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Published January 18, 2011
Volume 19, Number 1


Theater Company Supports Summer Shakespeare Festival with Feb. 26 Workshop Fundraiser



Outdoor performances of Shakespeare's plays have long been welcome summer entertainment. Locally, the venue is the Concannon Vineyard in Livermore, where this year theater-goers can enjoy two very different works as part of the Shakespeare Festival put on by the company Shakespeare's Associates.

Opening June 30, the 2011 festival includes eight performances each of two plays, Shakespeare's “soul-searching” Macbeth and Ken Ludwig’s “hilarious” Lend Me A Tenor. While their creation is separated by almost four centuries, both explore a similar theme, the seductive power of ambition, one depicting its tragic and the other its comic consequences.

The festival’s idyllic setting, on the winery grounds in front of a Queen Anne-style Victorian originally built in downtown Livermore in 1895, adds a special dimension to the performances. It is the epitome of what Lisa Tromovitch, the company’s producing artistic director, believes theater should be, tying into the identity of its surroundings. “Theater should be integrated into the community,” she remarks, pointing out the way the location links Livermore’s historic buildings, vineyards, and beautiful topography.

Tromovitch also stresses the company’s local roots as a Tri-Valley organization. “We are a locally governed, professional theater company. Our board of directors come from Pleasanton, Livermore, and Dublin, and citizens here get to participate”—unlike touring companies, which have their own leadership, actors, and staff.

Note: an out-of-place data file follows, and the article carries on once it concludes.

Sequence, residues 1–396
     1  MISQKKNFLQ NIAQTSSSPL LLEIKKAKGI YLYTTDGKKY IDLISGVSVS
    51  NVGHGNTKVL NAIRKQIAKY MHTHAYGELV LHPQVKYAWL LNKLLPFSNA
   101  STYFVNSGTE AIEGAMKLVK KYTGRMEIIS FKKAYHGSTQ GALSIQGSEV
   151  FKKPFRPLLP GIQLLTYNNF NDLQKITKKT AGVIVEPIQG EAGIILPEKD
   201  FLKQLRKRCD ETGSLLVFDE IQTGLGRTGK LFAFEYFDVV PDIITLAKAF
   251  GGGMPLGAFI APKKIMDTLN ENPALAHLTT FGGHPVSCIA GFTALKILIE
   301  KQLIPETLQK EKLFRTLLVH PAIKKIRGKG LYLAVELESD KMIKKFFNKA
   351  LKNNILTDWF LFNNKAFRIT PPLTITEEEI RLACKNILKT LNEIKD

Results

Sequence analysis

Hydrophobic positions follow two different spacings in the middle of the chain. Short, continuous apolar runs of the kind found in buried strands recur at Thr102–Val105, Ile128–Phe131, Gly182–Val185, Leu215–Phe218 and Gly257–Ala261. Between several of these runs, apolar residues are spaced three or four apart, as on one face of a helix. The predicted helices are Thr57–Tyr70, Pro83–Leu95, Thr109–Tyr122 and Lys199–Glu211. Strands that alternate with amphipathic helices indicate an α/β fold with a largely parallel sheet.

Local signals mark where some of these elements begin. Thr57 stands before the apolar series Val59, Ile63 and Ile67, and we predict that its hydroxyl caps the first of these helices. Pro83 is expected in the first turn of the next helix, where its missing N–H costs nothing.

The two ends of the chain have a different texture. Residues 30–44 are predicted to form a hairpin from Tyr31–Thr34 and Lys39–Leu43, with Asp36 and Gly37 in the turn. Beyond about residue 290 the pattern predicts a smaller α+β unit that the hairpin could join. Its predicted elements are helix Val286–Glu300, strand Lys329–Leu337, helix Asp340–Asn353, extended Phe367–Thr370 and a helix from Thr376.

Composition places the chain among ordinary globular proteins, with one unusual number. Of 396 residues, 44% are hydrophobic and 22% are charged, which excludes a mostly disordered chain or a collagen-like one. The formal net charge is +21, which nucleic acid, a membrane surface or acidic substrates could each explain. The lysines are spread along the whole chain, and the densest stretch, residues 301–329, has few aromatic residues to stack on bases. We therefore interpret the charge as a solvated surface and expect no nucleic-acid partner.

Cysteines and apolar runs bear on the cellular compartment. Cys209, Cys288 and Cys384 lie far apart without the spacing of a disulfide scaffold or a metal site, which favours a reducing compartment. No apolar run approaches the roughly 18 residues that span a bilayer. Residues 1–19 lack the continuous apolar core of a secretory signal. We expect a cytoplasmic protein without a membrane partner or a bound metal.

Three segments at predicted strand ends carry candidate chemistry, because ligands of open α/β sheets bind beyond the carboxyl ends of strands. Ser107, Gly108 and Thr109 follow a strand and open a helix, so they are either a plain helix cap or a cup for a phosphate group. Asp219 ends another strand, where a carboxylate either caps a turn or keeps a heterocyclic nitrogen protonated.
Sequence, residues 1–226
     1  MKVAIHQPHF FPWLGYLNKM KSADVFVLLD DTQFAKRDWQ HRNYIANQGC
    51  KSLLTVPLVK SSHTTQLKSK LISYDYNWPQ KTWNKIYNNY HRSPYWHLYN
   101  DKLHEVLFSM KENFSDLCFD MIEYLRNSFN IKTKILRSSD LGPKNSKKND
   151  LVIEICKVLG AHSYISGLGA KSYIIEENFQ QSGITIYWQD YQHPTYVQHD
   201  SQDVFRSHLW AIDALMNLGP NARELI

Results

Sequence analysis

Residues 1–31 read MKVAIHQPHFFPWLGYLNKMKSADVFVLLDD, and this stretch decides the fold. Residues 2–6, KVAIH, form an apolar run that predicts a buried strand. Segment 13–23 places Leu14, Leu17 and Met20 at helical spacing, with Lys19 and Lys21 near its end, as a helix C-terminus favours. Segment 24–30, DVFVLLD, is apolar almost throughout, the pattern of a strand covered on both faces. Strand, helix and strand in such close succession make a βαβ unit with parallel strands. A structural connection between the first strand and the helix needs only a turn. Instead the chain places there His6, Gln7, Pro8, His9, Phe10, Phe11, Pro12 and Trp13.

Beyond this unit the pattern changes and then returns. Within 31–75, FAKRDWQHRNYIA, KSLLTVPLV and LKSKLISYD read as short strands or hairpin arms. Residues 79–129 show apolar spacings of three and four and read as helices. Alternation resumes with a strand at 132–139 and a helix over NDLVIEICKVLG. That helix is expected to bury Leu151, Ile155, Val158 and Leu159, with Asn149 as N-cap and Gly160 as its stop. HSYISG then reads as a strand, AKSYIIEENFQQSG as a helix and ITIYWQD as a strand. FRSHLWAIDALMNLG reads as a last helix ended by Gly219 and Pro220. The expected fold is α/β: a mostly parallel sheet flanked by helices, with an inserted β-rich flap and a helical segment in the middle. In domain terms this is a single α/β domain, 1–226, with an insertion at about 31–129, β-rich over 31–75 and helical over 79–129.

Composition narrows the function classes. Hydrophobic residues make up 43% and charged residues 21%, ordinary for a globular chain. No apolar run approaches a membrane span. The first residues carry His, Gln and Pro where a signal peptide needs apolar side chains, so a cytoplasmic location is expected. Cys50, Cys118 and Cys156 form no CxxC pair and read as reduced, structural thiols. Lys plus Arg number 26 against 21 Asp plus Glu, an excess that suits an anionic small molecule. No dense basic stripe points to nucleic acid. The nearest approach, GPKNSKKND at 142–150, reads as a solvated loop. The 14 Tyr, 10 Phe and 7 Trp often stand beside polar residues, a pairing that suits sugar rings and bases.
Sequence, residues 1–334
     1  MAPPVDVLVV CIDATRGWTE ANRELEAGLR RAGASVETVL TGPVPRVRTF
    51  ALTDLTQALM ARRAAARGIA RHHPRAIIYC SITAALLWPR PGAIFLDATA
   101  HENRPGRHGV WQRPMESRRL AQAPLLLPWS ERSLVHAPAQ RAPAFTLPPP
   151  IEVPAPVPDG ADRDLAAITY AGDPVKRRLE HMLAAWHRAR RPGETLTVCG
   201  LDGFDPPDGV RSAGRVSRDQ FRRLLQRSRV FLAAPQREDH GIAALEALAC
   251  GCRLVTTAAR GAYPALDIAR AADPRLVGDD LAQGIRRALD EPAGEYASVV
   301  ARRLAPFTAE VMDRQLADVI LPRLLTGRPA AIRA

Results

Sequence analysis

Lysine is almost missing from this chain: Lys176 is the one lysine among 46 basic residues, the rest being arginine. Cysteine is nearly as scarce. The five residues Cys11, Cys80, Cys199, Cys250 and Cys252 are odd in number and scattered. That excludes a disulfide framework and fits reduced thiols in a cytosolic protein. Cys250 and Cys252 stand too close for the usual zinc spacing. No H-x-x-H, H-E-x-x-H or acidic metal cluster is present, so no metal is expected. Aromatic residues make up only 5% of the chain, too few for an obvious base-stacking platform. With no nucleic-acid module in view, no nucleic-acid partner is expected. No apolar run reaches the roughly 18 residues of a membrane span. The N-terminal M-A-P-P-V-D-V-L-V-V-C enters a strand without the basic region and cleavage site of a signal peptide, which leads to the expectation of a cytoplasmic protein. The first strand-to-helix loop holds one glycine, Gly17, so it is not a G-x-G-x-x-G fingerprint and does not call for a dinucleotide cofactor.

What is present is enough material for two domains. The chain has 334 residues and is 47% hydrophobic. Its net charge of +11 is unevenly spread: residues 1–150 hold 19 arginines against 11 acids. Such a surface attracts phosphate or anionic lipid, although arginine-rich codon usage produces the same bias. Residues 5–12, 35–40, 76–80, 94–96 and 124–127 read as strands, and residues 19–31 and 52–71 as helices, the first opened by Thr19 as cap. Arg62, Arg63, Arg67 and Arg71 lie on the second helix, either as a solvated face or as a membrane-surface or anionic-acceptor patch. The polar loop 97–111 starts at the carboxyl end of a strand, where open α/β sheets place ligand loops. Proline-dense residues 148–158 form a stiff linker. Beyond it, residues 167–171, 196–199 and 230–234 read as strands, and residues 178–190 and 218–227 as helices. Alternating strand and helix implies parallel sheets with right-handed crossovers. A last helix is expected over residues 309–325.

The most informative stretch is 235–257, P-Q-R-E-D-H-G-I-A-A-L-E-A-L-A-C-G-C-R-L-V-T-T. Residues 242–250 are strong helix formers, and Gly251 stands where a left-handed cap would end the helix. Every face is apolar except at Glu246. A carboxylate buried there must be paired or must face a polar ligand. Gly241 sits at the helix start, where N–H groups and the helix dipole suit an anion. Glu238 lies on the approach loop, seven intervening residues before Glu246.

Before the players take the stage this summer, they will be offering aficionados a privileged look inside the rehearsal room at the company's annual Winter Fundraiser and Workshop on February 26 at Livermore's Bothwell Arts Center. Aiming to break out of the standard wine/food/auction mold, the troupe will entertain guests in a series of workshops that reveal what it takes to mount such productions—from the study of Shakespeare's original texts to training in combat techniques.

“Everyone wants to know what it’s like to be an actor,” comments Tromovitch, who is directing this summer's production of Macbeth. “We wanted to show them how we do what we do.”

In one workshop, patrons sit down with the director to see what Shakespeare's text was like in the 1600s and discuss how she and the actors develop their interpretation. Noting that the company gets a lot of feedback about how approachable and understandable its productions are, she points out that the language is even clearer with the original punctuation and spelling.

“This is a truly insider’s look for intelligent theater-going adults who have always wondered what actors do in rehearsal,” Tromovitch continues. “The price is very reasonable. The workshops are led by professionals volunteering their time. People are just fascinated, saying things like, ‘I had no idea this is how you guys figured it out.’”

On tap for this spring is the company’s production of A Life in the Theatre by Pulitzer Prize Winner David Mamet. In contrast to the outdoor festival, this venue is the 60-seat West End Theater of Livermore’s Bothwell Arts Center. Explaining the play’s relationship to Shakespeare, Tromovitch observes that “scripts chosen for this series are noted for their literary merit, usually
national and international award winners.”

For fundraiser tickets and performance dates, visit www.livermoreshakes.org or call (925) 443-BARD.

 

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